Canning isn’t hard at all. Very time consuming but not hard. I think it’s one of those things you either love to do or hate to do. I obviously love doing it. It’s really a toss up for me . . in the sewing room or in the kitchen?
I looks just great! I used to buy that vanilla by the case when I decorated cakes….. before I was a quilter.
Lovely! Reminds me of how we grew up on the farm! In fact my mom’s name is “Judy” also. :0) Thank you for sharing.
Linda H says
Beautiful pantry! Thanks for inspiring us with your pics. When I lived in snow/tropical storm country and had a basement, I kept prepared. Since moving to laid back CA, I have neither basement nor extra cabinet space. What I have done toward the end of summer when the new crops are ready and the stores are sale-ing their older stock is to buy tomatoes and beans by the case box and slide those under the beds. I’ll also buy smaller amounts of other items and slide those under in a box. It helps. I find that I need to make a reminder note about the location of these items and affix it to my kitchen food cabinet though. :-p
Truly amazing—you dedicate a lot of time to your growing and canning season and I hope that means more quilting when this is all over 🙂
I hope that too!
Linda in NE says
I think you’re smart to keep things on hand. I do too. As a matter of fact I had enough stuff on hand late last fall, including toilet paper & paper towels that I haven’t done a major shopping trip since the middle of January…and that was only because I had a meeting within 15 mi. of Norfolk & the nearest big stores. I really need to go soon, but not in this heat & humidity, so I’ve had to fill in with things from the local store, but hey, they need the business too. My mom always kept extra groceries on hand because where we lived we could get snowed in for a week or in the spring the mud could be awful for weeks on end. She never had to rush to town to get groceries just because bad weather was predicted.
Thanks for sharing the photos of your pantry and your storage system. I love being a fly on your wall and learning new things.
You’re not a fly on the wall, you’re a much loved blog reader! 🙂
Cynthia H., El Cerrito, CA says
It looks absolutely wonderful, Judy. Canning gives great peace of mind, doesn’t it?
Our garden is a complete bust this year; our blackberries, even, are at least a month behind due to the cold weather (ironic, I know; most of you are roasting your … ah … behinds off). But there’s a produce market less than a block away, and a word to the owner will get me a BOX of in-season produce that I can “put away for later.”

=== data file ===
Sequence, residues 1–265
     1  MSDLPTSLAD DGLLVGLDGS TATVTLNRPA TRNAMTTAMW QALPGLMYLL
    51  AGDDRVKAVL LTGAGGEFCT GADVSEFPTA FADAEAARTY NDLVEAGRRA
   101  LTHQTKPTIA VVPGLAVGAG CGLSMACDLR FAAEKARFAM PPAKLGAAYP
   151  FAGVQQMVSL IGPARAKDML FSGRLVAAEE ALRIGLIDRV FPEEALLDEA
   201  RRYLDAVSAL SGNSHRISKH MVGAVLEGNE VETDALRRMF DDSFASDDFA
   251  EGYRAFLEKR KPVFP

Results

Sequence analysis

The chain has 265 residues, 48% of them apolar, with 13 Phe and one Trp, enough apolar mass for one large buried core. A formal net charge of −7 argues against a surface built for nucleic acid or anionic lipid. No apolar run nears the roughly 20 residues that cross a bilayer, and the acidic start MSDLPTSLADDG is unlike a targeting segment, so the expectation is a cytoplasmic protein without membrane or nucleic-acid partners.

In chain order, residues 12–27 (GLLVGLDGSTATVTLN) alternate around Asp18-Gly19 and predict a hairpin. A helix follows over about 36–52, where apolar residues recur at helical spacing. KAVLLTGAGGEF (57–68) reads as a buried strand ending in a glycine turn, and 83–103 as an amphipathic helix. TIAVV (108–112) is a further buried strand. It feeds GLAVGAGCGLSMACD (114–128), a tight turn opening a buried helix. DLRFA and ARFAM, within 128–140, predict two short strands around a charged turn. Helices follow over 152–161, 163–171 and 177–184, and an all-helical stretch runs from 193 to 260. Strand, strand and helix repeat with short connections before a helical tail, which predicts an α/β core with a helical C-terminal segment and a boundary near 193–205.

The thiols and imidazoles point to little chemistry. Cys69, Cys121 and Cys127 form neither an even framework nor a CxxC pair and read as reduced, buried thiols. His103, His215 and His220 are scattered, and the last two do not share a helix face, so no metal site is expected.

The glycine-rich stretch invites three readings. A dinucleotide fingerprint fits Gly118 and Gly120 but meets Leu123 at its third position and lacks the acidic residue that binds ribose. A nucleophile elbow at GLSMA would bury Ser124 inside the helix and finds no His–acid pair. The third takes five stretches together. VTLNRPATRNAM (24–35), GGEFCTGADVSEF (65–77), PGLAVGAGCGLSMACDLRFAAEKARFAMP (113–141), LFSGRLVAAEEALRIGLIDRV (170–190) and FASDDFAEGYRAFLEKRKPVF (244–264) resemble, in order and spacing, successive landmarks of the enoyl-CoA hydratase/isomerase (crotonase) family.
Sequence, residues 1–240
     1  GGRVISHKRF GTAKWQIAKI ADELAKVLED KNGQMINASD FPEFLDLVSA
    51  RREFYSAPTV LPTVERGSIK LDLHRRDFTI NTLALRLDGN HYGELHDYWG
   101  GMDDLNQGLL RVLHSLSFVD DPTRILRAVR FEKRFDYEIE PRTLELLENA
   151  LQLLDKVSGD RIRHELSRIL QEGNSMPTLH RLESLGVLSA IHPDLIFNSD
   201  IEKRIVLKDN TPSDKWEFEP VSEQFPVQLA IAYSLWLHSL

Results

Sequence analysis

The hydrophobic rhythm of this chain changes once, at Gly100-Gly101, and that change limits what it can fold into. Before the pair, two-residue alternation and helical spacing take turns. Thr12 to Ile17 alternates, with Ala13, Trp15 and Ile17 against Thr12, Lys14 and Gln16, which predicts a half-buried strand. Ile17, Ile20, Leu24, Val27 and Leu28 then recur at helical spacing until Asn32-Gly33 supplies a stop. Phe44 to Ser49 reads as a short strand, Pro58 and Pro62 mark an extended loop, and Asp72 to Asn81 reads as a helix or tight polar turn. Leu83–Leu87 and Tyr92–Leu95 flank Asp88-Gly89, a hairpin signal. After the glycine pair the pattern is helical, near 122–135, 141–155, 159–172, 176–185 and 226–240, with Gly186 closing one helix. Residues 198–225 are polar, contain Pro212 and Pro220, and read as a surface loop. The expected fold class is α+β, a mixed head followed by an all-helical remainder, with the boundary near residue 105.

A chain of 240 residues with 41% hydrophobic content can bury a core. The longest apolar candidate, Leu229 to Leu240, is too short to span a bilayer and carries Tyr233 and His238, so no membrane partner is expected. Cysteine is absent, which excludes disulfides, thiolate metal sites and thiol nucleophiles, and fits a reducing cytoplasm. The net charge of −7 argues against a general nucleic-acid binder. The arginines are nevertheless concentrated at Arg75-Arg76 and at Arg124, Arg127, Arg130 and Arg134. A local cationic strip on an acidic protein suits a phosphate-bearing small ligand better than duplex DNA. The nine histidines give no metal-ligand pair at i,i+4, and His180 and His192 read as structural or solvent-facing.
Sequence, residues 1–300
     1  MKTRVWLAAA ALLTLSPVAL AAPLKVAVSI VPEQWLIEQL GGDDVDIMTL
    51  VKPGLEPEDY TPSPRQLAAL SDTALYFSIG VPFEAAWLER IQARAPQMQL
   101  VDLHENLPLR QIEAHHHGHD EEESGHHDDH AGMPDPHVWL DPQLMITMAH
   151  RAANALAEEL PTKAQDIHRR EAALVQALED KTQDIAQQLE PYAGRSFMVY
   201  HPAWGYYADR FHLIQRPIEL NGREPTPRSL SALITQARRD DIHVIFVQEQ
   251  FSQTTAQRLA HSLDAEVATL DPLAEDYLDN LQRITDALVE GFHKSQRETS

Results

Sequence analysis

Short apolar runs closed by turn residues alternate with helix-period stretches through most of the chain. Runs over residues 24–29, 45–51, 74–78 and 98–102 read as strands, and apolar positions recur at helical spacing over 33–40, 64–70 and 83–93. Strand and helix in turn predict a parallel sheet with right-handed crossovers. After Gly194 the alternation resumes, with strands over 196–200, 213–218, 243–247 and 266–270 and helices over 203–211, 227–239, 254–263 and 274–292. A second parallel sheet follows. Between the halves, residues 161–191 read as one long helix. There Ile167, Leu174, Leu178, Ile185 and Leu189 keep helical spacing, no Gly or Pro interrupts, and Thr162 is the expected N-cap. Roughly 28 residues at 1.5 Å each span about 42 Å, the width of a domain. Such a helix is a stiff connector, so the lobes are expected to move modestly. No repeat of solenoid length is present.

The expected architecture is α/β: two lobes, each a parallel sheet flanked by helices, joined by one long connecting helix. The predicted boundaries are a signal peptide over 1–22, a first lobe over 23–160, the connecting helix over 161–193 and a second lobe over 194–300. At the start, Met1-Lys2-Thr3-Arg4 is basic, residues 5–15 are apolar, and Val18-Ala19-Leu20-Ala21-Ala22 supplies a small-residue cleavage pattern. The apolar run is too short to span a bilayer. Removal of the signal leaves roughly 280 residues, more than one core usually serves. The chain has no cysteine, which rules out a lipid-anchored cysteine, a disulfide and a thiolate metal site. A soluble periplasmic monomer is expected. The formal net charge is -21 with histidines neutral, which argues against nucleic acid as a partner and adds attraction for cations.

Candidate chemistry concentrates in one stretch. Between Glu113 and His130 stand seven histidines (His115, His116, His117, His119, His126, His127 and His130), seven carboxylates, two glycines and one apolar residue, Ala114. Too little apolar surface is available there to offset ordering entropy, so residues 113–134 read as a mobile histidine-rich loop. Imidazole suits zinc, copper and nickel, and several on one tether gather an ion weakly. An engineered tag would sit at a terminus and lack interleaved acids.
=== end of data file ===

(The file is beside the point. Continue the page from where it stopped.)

If tomorrow’s job meeting goes poorly, I just may have lots of time for canning real soon. And quilting. And other things. Like looking for a new job–organizing my kitchen just a little better!
Thank you for the inspiration.
Some years gardens do better than other years. My squash didn’t do well and my peppers did worse but tomatoes, cucumbers and green beans did great this year. Good luck with the job meeting.
Impressive spread! I’ve been wanting a pantry forever. I have shelves in the basement that are just not the same. With 4 boys worth of other stuff down there it just feels cluttered. We also have a potato bin that has my empty canning jars in it. I only do tomato juice although I did do pickles this year(just because I wanted cucumbers on my salad and got tons of them instead)
My grandma told me of her mother insisting on have over 200 quarts of peaches and other things each year just to make sure they had enough. My mother always tried to get 52 quarts of corn, lima beans, green beans, and peas-one for each week.
You give me inspiration to get better organized!
Judy-can you come to my house and make that happen. Lol-I’ll pay you in belly button lint and undying gratitude. I think your pantry is awesome. I kind of do what you do but on a much smaller scale-lol-mostly because my pantry space is much, much smaller than yours-you’ve given me something to aspire to!
In reviewing some of the comments – we all have to be prepared for a disaster. I have at least 3 days worth of food that do not need to be heated and enough liquid to drink. It may not be the most enjoyable meals, but I can survive. If I was more rural, I hope I would be more prepared.
There have some areas of rural OK that had to deal with 3-4 weeks of no electricity due to ice storms.
I am not an “alarmist”, but we do have to be prepared for an event that disrupt our normal way of life. I have been glad that with snow and ice storms, I have been able to stay in my house for over a week, without needing to go to the store. I am at a loss to understand those reports of people stocking up at the very last minute.